Home Opinion and Features Overseas-trained doctors secure major court victory against SA health regulatory body

Overseas-trained doctors secure major court victory against SA health regulatory body

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’We have tackled a number of hindrances delaying our members attempting the board examinations, and the court has ruled in our favour on all issues.’

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THE HEALTH Professions Council of South Africa, the statutory body regulating the country’s health-care profession, was at the receiving end of a landmark court ruling recently.

The council in recent years has been accused of “frustrating” and deliberately blocking the integration of South African doctors, who trained at overseas institutions, into the local medical fraternity.

Doctor Kimira Rugnath and 93 others brought a class action lawsuit against the council, in which its medical and dental professional board and the minister of health were respondents.

The doctors were affiliates of the South African Internationally Trained Health Professionals’ Association (SAITHPA), the organisation that led their fight for reintegration into the local health system.

Judge Brenda Neukircher handed down judgment in the matter in the Pretoria High Court two weeks ago.

According to the applicants, some of the council’s rules and regulations were stumbling blocks to their registration as medical practitioners in South Africa.

After registering with the council and its medical and dental professional board, they were required to pass a board exam for eligibility to secure internships at medical facilities and complete their community service before they could practise medicine.

The board exams are made up of theory and practical components.

A key registration requirement was that the applicant’s university of study be listed in the World Directory of Medical Schools, and that the qualifications obtained from that institution be verified and authenticated by the US-based Educational Commission for Foreign Medical Graduates.

The second respondent uses the commission’s verification process to authenticate credentials of foreign-qualified graduates who wish to practise medicine in the country.

Another registration requirement was that accreditation letters be procured from two international medical councils that recognised the applicant’s qualifications.

Regulations on exams caused further grievances.

Foreign-trained doctors were given three attempts to pass the board exam. An attempt constituted one theory and possibly two practical exam sittings. When a graduate failed the practical aspect for the second time, that doctor was the expected to start another attempt, beginning with the theory exam.

A fourth attempt was possible, at the board’s discretion, after a one-year delay.

The applicants were dissatisfied with the entire board exam process.

The doctors questioned why they were refused access to their exams scripts and the marking memorandum, in spite of their requests being made in compliance with the the Promotion of Access to Information Act.

The foreign-trained doctors’ association had previously raised this matter with the Office of the Public Protector. Although the public protector, after investigating their claims, ruled that such information be released, but the respondents did not comply with this ruling.

Judge Neukircher ordered that the requirement that candidates repeat the entire process of writing the board exam should they fail the practical component be reviewed and set aside.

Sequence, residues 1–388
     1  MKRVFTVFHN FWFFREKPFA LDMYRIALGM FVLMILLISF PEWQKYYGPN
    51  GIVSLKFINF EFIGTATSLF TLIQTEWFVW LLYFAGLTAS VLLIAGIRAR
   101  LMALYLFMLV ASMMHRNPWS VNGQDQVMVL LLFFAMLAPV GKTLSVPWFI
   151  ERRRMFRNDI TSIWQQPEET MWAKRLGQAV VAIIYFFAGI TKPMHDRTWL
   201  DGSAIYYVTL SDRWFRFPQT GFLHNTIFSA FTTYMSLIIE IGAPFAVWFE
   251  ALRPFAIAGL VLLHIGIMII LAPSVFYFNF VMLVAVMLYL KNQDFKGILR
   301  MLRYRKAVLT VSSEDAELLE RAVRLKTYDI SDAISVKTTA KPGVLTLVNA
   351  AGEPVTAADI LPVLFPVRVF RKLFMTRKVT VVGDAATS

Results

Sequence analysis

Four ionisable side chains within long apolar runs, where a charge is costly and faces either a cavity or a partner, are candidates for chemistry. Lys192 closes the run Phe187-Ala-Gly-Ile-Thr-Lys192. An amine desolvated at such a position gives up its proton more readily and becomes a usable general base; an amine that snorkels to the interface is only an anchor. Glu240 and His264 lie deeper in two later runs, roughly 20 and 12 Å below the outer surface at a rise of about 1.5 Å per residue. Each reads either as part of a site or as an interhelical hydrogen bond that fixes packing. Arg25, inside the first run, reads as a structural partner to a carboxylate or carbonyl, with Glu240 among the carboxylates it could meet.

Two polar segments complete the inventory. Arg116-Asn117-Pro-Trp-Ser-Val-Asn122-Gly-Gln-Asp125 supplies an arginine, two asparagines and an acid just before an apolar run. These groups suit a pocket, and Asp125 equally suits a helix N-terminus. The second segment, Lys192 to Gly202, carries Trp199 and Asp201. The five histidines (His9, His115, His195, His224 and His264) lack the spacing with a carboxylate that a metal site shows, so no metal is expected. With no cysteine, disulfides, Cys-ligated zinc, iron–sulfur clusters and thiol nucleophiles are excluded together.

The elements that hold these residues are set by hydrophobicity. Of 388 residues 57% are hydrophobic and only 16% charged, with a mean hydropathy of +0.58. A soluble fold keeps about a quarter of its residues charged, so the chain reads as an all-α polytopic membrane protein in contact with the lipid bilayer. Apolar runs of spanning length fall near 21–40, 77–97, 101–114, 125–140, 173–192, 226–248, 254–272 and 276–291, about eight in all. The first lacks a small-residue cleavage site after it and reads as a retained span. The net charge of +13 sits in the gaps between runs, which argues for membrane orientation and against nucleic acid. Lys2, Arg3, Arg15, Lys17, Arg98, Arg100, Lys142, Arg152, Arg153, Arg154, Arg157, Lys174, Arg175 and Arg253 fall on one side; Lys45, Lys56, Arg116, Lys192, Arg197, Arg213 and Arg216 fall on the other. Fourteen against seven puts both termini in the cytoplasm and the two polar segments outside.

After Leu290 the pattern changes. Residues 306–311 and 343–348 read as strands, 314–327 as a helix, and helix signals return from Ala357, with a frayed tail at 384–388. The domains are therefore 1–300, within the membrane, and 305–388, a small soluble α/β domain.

Accordingly, the judge held that that ruling should become effective immediately for all applicants who had been asked to write their theory papers this month.

Candidates will also no longer be required to obtain accreditation letters from two international medical councils that recognised their qualifications.

She ruled that candidates should not be prevented from expressing their views on the practical exam, and the remark of their scripts should be allowed when the sitting was not video-recorded.

The respondents were ordered to honour the public protector’s decision to make available information requested by applicants in this matter and others who make similar requests in future.

They were also instructed to enrol all 94 applicants in this matter for their respective theory or practical exams .

Advocate Rene Govender, the SAITHPA’s legal desk chairperson, said the ruling was “unprecedented”.

“We have tackled a number of hindrances delaying our members attempting the board examinations, and the court has ruled in our favour on all issues.

“It is unfortunate the success of the action has been marred by the (council’s) refusal to provide our members with copies of their examination assessment records, according to the order.”

Govender said they would proceed with contempt proceedings.

Dr Geremie Nayager, also an affected person, said he was happy because the order ensured foreign-trained graduates were able to get into the system.

Nayager said he had confidence in their legal team, but was concerned that it had been required to go the legal route to have proper board examination processes put in place.

“The (council) does not realise the damage they are doing to our already crippled health-care system,” Nayager said.

Dr Pranav Singh said the court outcome provided relief to many.

“This victory is a life-changing one, on the basis that doctors who have studied abroad will now get a fair opportunity to write the exam.”

Singh, who studied in Mauritius, and had to overcome many obstacles before he was able to write the board exams, said all they wanted was “a fair opportunity”.

Christopher Tsatsawane, the council’s head of corporate affairs, promised to provide a response tomorrow.

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